Escentric 05 opens on citrusy brightness banking off the woodiness of the Cashmeran. This is the smell of an orange tree, trunk and fruit. It is then placed in the middle of an herb garden growing rosemary, juniper, and basil. This set of green notes locate the pine amidst the woods and musk. It is given lift using Hedione to provide a jasmine veil. The pine really gets amplified by labdanum and mastic resins. These have a similar terpenic quality which harmonizes with the synthetic version in the Cashmeran. The musky part finally gets its chance to shine as molecules 01 and 02, Iso E super and Ambroxan join in for the base accord.

Molecule 05 and Escentric 05 have 14-16 hour longevity and average sillage.

Even when I think I know a perfume ingredient well Hr. Schoen has something to show me. The pine character in the Cashmeran took me by surprise. As part of a non-aquatic Mediterranean perfume in Escentric 05 it feels like the apotheosis of modern perfumery as abstraction of nature. A summer synthetic Mediterranean.

Disclosure: This review is based on samples supplied by Escentric Molecules.

Mark Behnke

New Perfume Review Costume National J- Sakura Shoji

1

There are a set of perfume brands which seem to have stopped making perfume only to surprise me after a long hiatus. This happened last year when I realized the fashion brand Costume National was releasing two new perfumes after having gone five years since their last new release. Costume National J is the one which caught my attention.

Fanny Bal

The two new fragrances were given the initials I and J. They stood for the two countries which influence the clothing, Italy and Japan. Creative director Ennio Capasa wanted to make a set of perfumes which captured the different senses of style. For I he turned to perfumer Julien Rasquinet who produced an ambrox-heavy powerhouse which overwhelmed me on testing. With J he asked perfumer Fanny Bal for something much lighter in tone. This is the canard of perfume for the Japanese market needing to be minimal and transparent. I have enough evidence to know that isn’t as true as it is taken to be. I also have found perfumes which do take that hypothesis as basis for design to make something great. Which is what happens with J.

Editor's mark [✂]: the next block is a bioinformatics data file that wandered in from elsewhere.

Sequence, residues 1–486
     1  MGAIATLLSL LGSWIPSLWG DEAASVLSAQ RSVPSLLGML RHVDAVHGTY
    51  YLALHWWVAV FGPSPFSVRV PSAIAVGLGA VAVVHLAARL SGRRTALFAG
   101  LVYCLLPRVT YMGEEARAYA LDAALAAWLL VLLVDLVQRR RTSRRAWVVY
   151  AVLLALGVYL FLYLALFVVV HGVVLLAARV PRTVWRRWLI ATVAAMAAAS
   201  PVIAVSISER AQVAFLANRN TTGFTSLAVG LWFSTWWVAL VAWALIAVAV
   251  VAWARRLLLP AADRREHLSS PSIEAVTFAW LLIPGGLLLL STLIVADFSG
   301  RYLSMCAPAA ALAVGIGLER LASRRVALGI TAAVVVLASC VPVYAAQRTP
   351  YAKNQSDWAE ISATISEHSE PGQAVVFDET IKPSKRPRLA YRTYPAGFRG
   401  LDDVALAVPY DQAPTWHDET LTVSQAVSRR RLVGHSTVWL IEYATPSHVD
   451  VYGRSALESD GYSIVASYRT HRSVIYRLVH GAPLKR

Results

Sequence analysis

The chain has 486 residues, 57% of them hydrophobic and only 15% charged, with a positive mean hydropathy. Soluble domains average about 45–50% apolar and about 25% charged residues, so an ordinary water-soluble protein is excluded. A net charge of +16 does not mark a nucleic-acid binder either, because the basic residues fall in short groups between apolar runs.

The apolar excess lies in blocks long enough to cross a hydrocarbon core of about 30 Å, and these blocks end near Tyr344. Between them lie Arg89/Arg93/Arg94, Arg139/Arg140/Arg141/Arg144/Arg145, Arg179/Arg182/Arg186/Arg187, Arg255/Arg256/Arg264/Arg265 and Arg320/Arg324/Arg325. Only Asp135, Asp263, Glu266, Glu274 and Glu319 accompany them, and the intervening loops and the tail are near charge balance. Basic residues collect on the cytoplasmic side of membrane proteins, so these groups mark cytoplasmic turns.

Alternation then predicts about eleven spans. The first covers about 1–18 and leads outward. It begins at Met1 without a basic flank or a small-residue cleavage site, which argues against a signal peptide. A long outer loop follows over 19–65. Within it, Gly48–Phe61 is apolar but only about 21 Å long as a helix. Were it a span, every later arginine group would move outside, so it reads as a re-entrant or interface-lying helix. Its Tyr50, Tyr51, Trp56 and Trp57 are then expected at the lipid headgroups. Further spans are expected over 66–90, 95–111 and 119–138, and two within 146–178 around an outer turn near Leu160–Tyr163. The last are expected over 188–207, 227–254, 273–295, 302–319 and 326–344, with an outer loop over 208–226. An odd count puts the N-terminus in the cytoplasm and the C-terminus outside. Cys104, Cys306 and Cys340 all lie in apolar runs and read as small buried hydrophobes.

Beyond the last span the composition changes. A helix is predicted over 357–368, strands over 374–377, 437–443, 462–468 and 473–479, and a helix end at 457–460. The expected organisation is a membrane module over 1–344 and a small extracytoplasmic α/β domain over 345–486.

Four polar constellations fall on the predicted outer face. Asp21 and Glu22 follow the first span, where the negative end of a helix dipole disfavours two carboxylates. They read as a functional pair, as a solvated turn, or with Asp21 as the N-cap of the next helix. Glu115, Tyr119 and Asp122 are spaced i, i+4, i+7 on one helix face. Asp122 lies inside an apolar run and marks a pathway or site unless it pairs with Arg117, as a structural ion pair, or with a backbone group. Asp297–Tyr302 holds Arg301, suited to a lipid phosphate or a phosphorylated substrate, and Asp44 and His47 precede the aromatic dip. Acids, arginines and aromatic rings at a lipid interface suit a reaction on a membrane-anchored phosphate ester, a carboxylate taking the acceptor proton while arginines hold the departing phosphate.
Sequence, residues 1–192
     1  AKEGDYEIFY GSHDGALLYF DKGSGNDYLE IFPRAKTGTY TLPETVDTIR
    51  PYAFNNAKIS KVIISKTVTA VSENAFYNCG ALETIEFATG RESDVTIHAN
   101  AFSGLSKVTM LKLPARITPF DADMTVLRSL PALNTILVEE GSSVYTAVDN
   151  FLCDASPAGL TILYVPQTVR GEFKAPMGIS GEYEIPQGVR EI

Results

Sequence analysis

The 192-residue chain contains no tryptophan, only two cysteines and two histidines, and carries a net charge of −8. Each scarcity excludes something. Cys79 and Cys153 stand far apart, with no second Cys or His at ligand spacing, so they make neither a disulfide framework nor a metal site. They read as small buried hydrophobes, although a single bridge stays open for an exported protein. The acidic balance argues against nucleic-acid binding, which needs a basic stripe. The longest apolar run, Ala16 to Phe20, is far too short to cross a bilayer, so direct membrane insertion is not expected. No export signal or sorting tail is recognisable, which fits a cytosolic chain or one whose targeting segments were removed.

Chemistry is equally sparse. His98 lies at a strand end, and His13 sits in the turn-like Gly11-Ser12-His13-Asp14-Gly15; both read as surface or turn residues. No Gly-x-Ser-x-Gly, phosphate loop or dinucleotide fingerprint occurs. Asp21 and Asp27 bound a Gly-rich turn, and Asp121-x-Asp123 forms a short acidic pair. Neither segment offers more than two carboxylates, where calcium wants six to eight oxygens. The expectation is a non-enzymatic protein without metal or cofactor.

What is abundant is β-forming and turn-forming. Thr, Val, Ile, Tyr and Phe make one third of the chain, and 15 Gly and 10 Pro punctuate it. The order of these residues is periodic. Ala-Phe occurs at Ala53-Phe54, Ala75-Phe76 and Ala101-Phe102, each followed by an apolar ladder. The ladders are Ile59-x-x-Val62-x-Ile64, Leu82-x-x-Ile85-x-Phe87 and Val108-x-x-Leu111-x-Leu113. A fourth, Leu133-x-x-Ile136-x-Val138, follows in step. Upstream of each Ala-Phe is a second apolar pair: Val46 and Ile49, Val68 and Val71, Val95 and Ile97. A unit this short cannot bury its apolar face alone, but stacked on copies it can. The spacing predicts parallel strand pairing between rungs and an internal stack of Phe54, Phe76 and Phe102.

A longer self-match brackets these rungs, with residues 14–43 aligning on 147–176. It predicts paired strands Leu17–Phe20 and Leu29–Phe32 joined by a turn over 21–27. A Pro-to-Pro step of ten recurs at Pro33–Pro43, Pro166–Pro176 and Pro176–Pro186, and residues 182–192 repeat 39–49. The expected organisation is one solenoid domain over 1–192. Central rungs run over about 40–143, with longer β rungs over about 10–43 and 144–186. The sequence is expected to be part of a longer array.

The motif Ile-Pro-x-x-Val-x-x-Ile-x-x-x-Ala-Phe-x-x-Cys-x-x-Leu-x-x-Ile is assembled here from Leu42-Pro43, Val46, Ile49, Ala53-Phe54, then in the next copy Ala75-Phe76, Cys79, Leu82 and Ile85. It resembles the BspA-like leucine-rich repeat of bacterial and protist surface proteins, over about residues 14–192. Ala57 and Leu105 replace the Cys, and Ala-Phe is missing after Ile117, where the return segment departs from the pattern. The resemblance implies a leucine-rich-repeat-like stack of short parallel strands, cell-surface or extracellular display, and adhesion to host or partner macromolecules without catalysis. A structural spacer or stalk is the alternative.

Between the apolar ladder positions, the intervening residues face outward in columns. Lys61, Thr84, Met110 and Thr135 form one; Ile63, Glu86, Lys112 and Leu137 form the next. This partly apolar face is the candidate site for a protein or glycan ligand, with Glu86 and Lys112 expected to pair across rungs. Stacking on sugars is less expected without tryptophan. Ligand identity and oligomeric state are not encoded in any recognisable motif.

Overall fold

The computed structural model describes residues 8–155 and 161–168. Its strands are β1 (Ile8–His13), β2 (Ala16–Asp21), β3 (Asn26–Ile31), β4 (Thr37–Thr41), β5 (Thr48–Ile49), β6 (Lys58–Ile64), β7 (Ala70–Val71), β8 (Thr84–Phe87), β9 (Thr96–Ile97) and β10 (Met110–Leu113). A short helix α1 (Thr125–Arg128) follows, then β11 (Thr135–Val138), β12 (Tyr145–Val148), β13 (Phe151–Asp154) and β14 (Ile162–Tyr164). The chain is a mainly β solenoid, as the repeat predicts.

Mme Bal chooses to work with the most iconic perfume ingredients associated with Japan, cherry blossom (sakura) and rice. What she fashions out of this is a perfume of delicate opacity like a scented sheet of rice paper in a shoji.

It begins with a delicate neroli and lime top accord. The citrus is feathered in with the neroli such that it picks up the green aspect of the neroli. This is isn’t that bright sunlight kind of citrus accord. It is the sun as shining through a pane of rice paper. The delicate sweetness of cherry blossom appears next. Mme Bal has fashioned a gorgeously delicate accord. It lilts in a soft breeze with puffs of fragile floralcy. The base provides the starchy contrast of rice. I giggled to myself it was a bit like cherry blossom sushi roll occasionally. It works to provide some structure to a fragrance which has been so transparent. Cashmeran adds in the woody crosspieces to this cherry blossom scented shoji.

J has 8-10 hour longevity and moderate sillage.

I have been enthralled with J since I got my sample a few weeks ago. It allowed me to experience the local cherry blossoms even though I couldn’t. I sat cross-legged on my tatami breathing in my sakura scented shoji.